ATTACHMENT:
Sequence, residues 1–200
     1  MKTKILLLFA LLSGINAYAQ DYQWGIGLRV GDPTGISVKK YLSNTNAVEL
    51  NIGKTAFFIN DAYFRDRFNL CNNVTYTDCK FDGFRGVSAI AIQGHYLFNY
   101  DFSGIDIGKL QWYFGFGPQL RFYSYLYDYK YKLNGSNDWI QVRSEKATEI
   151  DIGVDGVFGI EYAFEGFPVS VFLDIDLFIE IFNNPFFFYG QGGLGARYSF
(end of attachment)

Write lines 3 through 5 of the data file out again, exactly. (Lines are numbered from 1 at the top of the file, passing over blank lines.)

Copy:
    51  NIGKTAFFIN DAYFRDRFNL CNNVTYTDCK FDGFRGVSAI AIQGHYLFNY
   101  DFSGIDIGKL QWYFGFGPQL RFYSYLYDYK YKLNGSNDWI QVRSEKATEI
   151  DIGVDGVFGI EYAFEGFPVS VFLDIDLFIE IFNNPFFFYG QGGLGARYSF